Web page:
Performance Monitoring: Sentry SDK API Evolution

The objective of this document is to contextualize the evolution of the Performance Monitoring features in Sentry SDKs. We start with a summary of how Performance Monitoring was added to Sentry and to SDKs, and, later, we discuss lessons learned in the form of identified issues and the initiatives to address those issues.

Back in early 2019, Sentry started experimenting with adding tracing to SDKs. The Python and JavaScript SDKs were the test bed where the first concepts were designed and developed. A proof-of-concept was released on April 29th, 2019 and shipped to Sentry on May 7, 2019. Python and JavaScript were obvious choices, because they allowed us to experiment with instrumenting Sentry’s own backend and frontend.

Note that the aforementioned work was contemporary to the merger of OpenCensus and OpenTracing to form OpenTelemetry. Sentry’s API and SDK implementations borrowed inspiration from pre-1.0 versions of OpenTelemetry, combined with our own ideas. For example, our list of span statuses openly match those that could be found in the OpenTelemetry specification around the end of 2019.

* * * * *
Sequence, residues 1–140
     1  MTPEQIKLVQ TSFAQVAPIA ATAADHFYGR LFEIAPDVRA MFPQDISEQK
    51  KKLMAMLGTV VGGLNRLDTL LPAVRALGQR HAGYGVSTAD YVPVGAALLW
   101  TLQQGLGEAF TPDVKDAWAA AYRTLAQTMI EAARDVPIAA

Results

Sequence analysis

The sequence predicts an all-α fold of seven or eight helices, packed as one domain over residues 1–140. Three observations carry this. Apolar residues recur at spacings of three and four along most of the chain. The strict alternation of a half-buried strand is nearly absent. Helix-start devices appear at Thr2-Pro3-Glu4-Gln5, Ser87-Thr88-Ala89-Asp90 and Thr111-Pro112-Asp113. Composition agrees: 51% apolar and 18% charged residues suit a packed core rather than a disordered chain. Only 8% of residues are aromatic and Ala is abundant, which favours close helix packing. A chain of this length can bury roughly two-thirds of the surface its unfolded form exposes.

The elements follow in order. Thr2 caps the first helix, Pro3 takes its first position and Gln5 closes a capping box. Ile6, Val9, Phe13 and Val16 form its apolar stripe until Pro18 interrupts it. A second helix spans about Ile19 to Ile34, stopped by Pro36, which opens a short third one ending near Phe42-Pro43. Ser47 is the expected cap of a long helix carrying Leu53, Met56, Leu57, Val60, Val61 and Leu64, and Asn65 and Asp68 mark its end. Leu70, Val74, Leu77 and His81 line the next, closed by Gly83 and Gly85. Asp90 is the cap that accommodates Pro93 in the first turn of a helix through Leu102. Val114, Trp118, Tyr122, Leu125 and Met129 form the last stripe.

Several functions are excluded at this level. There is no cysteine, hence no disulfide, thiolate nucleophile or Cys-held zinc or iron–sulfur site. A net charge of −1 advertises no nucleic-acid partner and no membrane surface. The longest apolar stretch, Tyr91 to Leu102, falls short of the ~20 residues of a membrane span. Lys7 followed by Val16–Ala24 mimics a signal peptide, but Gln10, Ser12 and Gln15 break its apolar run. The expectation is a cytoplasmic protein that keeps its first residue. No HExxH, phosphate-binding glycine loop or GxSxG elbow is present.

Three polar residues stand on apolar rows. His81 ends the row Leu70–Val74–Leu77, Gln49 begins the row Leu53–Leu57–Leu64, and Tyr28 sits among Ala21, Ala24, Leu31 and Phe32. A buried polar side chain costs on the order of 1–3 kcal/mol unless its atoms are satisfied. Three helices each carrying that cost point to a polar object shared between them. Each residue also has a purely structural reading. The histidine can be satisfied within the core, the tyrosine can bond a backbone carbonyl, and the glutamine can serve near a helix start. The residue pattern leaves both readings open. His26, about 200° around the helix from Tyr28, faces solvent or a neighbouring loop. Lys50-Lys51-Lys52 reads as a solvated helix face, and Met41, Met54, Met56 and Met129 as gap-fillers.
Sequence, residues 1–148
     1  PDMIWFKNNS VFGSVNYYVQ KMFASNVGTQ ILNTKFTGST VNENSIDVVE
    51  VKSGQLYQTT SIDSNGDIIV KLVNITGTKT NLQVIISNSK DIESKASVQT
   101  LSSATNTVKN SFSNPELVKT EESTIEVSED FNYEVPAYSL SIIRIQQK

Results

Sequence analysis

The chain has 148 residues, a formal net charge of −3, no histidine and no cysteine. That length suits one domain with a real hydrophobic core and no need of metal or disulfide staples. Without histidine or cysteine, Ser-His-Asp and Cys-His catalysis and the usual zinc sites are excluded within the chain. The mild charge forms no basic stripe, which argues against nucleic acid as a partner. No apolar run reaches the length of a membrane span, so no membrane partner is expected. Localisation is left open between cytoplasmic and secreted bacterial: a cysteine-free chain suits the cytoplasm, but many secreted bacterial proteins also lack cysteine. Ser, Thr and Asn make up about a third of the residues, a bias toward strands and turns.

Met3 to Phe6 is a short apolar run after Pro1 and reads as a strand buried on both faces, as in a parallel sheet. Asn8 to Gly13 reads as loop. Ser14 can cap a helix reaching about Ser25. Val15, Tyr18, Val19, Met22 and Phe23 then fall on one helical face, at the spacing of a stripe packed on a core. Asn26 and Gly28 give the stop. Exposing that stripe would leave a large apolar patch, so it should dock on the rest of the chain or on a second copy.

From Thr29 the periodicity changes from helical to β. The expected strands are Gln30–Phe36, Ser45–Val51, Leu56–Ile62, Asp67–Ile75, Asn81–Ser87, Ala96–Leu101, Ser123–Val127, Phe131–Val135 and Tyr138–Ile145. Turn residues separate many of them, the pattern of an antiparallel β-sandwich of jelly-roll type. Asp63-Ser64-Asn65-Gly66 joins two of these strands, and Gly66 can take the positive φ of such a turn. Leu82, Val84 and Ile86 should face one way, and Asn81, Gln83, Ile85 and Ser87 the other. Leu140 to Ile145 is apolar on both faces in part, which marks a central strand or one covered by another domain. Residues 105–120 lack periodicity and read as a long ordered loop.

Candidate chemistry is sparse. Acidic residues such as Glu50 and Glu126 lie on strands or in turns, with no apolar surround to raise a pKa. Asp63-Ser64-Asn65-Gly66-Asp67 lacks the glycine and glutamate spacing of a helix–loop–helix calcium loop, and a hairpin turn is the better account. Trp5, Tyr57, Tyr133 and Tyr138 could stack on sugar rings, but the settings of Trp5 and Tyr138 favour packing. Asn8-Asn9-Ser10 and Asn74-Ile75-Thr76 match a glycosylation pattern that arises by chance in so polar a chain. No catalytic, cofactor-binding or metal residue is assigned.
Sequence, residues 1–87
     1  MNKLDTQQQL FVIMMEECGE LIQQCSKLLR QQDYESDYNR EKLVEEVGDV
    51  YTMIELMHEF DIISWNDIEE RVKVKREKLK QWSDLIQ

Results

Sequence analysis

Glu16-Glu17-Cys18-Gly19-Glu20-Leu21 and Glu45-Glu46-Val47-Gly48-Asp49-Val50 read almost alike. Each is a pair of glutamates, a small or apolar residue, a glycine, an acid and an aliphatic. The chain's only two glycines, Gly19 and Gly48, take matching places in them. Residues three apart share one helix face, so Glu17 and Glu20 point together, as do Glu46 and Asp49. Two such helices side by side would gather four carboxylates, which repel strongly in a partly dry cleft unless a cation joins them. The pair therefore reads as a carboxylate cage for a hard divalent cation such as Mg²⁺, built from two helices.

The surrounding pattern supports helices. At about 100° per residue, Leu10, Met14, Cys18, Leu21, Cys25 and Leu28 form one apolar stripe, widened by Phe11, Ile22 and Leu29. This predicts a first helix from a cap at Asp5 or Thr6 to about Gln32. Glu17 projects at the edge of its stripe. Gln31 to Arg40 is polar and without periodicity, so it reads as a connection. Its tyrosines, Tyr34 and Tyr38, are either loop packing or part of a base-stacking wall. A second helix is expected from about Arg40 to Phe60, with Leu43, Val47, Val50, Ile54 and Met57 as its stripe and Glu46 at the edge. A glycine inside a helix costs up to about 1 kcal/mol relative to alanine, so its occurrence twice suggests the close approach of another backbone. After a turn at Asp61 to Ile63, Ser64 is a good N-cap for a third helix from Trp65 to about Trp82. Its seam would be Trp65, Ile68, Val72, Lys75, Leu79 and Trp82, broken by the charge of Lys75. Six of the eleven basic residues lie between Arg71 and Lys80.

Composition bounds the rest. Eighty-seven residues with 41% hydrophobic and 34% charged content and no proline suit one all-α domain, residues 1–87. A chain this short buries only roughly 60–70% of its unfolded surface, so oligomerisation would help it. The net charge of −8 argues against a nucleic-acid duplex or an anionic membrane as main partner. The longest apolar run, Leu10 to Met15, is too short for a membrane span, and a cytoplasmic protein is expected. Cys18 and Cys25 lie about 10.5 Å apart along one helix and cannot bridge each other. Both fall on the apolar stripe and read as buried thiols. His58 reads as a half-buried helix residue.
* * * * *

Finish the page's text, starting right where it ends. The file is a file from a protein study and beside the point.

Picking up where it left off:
After settling with an API, performance monitoring support was then expanded to other SDKs. Sentry's Performance Monitoring solution became Generally Available in July, 2020. OpenTelemetry's Tracing Specification version 1.0 was released in February, 2021.

Our initial implementation reused the mechanisms we had in place for error reporting:

  • The Event type was extended with new fields. That meant that instead of designing and implementing a whole new ingestion pipeline, we could save time and quickly start sending "events" to Sentry, this time, instead of errors, a new "transaction" event type.
  • Since we were just sending a new type of event, the SDK transport layer was also reused.
  • And since we were sharing the ingestion pipeline, that meant we were sharing storage and the many parts of the processing that happens to all events.

Our implementation evolved such that there was a clear emphasis on the distinction between Transactions and Spans. Part of that was a side effect from reusing the Event interface.

Transactions resonated well with customers. They allowed for important chunks of work in their code to be highlighted, like a browser page load or http server request. Customers can see and navigate through a list of transactions, while within a transaction the spans give detailed timing for more granular units of work.

In the next section, we’ll discuss some of the shortcomings with the current model.

While the reuse of the Unified SDK architecture (hubs, clients, scopes) and the transaction ingestion model have merits, experience revealed some issues that we categorize into two groups.